Spoonable Raisin Scones + Rice Noodle Salad: Catching Up on a Couple of Recipes
As for the salad, like the pancakes, the recipe for this salad comes from Nina Simonds and her wonderful book, A Spoonful of Ginger. And, like the pancakes, the salad was terrific. A mix of beautifully arranged rice noodles, quickly boiled shrimp, grated carrots, shredded lettuce, bean sprouts and bunches of herbs, it was all moistened with a sweet and sour dressing that I’d be happy to have with just about anything. (The peanuts in the picture were our own add-in.)
Makes 6 servings
For the salad:
1 pound medium shrimp, shelled and deveined
1/3 pound thin rice stick noodles, softened in hot water for 15 to 20 minutes and drained
3 carrots, peeled and grated (about 2 1/2 cups)
2 1/2 cups leafy lettuce, rinsed, drained and cut into thin julienne shreds
2 1/2 cups bean sprouts, rinsed and drained
1/3 cup coarsely chopped fresh cilantro
1/3 cup coarsely chopped fresh basil
1 1/2 cups finely chopped scallion greens
For the dressing:
1 1/4 teaspoons crushed dried chiles or dried chile flakes
Juice of 5 limes or 2 1/2 lemons (about 2/3 cup)
1/3 cup fish sauce, or more to taste
1/3 cup sugar
1 1/2 tablespoons minced garlic
Using a sharp knife, slice the shrimp in half lengthwise along the back. Heat 4 cups water in a saucepan until boiling, add the shrimp and cook about 1 1/2 minutes, after the water has reached a boil. Drain in a colander and rinse under cold water. Drain again.
In a large stockpot, heat 2 quarts water until boiling. Add the softened rice stick noodles and swirl in the hot water. Cook for 10 seconds, or until just tender. Drain thoroughly in a colander and rinse under cold water. Arrange the noodles on a deep serving platter.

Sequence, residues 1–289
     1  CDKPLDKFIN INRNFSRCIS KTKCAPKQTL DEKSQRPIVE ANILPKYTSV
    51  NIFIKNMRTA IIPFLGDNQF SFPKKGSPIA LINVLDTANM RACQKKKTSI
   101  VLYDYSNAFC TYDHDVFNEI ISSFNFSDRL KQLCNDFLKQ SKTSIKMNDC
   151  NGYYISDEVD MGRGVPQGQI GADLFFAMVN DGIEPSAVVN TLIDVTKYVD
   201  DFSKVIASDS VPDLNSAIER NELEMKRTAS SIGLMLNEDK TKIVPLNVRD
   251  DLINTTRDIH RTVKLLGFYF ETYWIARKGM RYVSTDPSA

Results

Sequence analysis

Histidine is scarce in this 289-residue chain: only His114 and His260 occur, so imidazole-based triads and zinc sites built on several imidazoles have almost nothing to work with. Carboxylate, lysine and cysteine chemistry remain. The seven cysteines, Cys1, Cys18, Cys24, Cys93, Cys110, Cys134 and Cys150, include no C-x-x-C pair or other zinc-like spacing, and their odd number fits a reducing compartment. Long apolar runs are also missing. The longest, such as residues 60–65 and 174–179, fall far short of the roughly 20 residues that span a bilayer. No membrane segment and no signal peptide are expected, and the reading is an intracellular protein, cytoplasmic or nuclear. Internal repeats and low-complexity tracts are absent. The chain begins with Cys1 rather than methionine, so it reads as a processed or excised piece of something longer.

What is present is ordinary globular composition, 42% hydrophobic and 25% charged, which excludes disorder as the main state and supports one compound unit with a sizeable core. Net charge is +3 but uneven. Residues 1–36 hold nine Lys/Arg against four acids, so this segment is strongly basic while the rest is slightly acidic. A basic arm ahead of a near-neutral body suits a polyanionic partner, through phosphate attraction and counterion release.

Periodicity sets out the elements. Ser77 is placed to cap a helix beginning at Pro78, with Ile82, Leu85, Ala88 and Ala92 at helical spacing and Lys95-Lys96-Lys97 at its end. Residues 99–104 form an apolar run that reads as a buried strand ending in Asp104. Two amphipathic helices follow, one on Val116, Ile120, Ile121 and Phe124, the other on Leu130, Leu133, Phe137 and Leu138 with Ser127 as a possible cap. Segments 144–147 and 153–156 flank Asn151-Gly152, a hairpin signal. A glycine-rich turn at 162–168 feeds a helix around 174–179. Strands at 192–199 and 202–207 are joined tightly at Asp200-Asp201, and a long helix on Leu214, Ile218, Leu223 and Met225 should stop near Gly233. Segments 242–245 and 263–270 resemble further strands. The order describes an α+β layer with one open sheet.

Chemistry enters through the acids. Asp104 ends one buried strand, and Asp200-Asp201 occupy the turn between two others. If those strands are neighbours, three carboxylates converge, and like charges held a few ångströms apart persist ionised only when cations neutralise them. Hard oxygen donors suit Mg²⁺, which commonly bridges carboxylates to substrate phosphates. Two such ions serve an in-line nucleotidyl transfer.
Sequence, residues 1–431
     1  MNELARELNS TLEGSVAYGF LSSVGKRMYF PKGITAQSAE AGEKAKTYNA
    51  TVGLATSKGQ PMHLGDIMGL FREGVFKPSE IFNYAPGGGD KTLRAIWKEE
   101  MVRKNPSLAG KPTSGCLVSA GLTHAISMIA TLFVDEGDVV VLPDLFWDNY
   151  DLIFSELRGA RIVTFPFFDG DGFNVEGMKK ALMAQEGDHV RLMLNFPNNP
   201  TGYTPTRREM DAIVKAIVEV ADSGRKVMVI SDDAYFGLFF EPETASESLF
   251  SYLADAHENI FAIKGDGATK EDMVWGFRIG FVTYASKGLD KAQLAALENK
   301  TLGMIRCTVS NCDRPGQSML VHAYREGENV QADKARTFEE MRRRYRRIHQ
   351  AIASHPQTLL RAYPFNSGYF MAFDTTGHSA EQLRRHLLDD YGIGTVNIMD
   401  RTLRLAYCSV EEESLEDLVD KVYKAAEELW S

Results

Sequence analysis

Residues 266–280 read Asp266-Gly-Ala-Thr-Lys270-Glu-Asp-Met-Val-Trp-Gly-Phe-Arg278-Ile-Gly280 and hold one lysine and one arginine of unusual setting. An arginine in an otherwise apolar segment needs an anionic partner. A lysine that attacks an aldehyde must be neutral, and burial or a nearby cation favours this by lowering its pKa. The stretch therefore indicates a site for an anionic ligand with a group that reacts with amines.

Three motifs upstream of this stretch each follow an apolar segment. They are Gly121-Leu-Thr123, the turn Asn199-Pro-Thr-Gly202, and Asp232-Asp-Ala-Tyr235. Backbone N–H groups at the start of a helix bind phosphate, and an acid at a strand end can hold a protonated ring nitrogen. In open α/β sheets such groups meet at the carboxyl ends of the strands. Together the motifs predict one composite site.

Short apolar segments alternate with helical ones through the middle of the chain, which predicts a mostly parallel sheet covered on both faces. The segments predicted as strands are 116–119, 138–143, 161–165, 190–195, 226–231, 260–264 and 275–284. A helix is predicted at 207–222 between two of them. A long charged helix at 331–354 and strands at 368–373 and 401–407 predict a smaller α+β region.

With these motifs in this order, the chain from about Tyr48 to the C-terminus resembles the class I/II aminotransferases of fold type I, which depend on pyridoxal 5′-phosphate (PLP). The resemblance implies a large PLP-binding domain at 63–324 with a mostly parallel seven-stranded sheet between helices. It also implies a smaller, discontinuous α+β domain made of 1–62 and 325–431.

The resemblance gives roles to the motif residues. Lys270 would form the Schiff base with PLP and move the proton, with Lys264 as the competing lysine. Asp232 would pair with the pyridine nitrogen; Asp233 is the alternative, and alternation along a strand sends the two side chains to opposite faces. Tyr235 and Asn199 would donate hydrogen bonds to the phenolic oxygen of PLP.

Arrange the shrimp in the center of the platter with the carrots, lettuce and bean sprouts in concentric circles around the shrimp.
In a medium bowl, soak the crushed red chiles or dried chile flakes in the lime juice for 2 to 3 minutes. Add the remaining dressing ingredients and stir to dissolve the sugar. Pour the dressing into a serving bowl.
Sprinkle the chopped cilantro, basil and scallions on top of the shrimp and vegetables. Spoon the dressing over the salad or serve it on the side at room temperature or chilled.
A couple of weeks ago it was biscuits, which I’d created for Parade magazine, and today it’s raisin scones, the simplest kind, the kind you drop from a spoon – no patting, no rolling, no cutting, no problem.
When I wrote about the biscuits, several of you mentioned their kissing-cousin relationship to scones, pointing out that they’re almost the same, but that scones get an egg and biscuits don’t, and you were right. While there are subtle differences in the amounts of sugar or milk, what’s remarkable is that two things made from essentially the same ingredients can turn out to be so different in texture. Where the hallmark of biscuits is their flakiness, scones get high marks for being cakey.
If you’re new to scones, start right here – these are the easiest scones, bar none. As I often say about making biscuits and scones, the key is benign neglect: don’t be too thorough. Use your fingertips (or a pastry blender) to cut and rub the butter into the dry ingredients and don’t get hung up on getting anything even: you want to have clumps and flakes of butter and flour. And go easy when you mix in the milk and egg.
Click here for a quick rundown on making biscuits – which is the same rundown you need for scones.
And to get my recipe for drop-them-from-a-spoon Raisin Scones, go over to the Parade website.